Yes, Plums and Persimmons are offered in dwarf varieties by Stark Bros. Not sure about Pomegranates. I keep my plums pruned back so I can easily harvest them and they tolerate the pruning well. Same for Pomegranates. American persimmons grow wild here in East Texas and are prized by wildlife for their fruit. All are easy to grow here but require pruning to keep them manageable.
 
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You may be able to successfully grow pomegranates if you get the correct variety but I am afraid the soil is too acidic for persimmon. Great for berries.
Apologies! I was wrong on our ph. it's 5.3. . Attaching the report to see if any other info might be useful to consider :) would you recommendations now change?
 

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Yes persimmon and pomegranate both do well in zone 8. Easy to grow and manage. Looking at your list, I don't see grapes which do very well in our zone, especially muscadine varieties. Also, plums do excellent. I have each of these plus more.

I had raspberries at one time but they just were too invasive for me. Blackberries are a staple. I'm in the third year of a mulberry tree a nice small tree but no fruit yet.
I posted the soil report above from last year. would you have additional input based on the ph of 5.3?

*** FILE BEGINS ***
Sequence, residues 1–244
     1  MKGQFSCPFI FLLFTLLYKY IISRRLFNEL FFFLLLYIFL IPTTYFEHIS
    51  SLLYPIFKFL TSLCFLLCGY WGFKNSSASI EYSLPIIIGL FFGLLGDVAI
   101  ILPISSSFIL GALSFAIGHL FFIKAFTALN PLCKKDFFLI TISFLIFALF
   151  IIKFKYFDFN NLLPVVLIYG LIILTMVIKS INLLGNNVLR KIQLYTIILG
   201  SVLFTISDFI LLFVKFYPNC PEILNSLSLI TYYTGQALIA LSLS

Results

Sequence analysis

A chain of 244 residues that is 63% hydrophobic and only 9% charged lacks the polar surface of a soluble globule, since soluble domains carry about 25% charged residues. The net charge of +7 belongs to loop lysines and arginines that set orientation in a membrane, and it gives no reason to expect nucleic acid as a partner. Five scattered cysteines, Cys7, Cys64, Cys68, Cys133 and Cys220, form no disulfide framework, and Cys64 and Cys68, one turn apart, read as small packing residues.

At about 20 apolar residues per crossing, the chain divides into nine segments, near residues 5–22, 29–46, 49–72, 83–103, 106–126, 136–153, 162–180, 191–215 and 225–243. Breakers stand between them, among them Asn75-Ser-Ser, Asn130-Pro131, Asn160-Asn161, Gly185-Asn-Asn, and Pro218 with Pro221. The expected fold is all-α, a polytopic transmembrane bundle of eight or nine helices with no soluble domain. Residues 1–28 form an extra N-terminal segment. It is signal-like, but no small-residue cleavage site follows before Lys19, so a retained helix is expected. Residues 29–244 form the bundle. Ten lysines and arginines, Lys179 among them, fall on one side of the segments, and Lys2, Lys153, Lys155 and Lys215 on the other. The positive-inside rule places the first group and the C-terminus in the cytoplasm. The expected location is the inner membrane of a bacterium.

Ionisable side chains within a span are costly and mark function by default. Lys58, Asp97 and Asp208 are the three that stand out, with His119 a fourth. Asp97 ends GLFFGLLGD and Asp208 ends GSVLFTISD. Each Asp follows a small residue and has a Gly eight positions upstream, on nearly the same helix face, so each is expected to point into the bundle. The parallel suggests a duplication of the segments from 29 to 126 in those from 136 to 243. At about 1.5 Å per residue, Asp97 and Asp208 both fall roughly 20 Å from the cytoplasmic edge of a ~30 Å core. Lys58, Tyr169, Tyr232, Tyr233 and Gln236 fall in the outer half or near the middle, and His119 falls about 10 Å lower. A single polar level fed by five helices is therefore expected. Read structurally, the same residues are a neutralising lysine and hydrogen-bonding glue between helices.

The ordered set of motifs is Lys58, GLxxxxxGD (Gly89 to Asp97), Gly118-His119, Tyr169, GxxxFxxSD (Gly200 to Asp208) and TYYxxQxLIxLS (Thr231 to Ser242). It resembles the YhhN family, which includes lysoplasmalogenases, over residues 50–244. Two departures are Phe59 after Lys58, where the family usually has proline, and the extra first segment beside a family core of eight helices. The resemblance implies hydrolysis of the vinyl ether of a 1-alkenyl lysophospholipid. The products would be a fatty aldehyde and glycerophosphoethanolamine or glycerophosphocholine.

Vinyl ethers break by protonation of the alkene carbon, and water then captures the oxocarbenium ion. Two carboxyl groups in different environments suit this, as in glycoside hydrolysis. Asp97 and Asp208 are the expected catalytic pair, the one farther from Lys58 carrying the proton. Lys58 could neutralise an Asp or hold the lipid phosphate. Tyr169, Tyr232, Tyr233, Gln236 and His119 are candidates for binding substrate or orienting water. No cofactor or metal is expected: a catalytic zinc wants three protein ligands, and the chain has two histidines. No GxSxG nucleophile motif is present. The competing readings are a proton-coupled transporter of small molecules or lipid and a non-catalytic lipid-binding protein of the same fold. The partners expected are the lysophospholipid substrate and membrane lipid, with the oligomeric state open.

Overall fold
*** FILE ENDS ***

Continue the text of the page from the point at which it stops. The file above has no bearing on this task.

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Apologies! I was wrong on our ph. it's 5.3. . Attaching the report to see if any other info might be useful to consider :) would you recommendations now change?
Still to acidic. Look at the following link. Of the trees that I know that are on the list, it seems to be accurate. Use it as a guideline, not the gospel.
 
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Still to acidic. Look at the following link. Of the trees that I know that are on the list, it seems to be accurate. Use it as a guideline, not the gospel.
oh man! Could I amend individual sites to raise the pH? and if so, what would you suggest I use?
 
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oh man! Could I amend individual sites to raise the pH? and if so, what would you suggest I use?
The answer to your question is yes and no. You can raise the Ph by adding lime. You can see the effects in a few months time but it isn't permanent. It will last 2-3 years and then you have to do it again. The amount of lime you will need is between 4 and 6 tablespoons per square foot of soil. When I lived where the soil was acidic I tried this with limited success. What you do first is till up and apply about 1/2 of the lime needed. Till as deep as you can. Then add the remaining lime and till it in again to assure all of the soil has been treated. This works, but fooling mother nature is always a losing proposition in the long run
 
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Meadowlark

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At 5.3 and in 8a, I think I would give the "Anna" apple tree a try. You can prune it to fit and just throw out some ag. lime every few months to help keep the ph up a little. They make a nice tasting apple for the southern regions.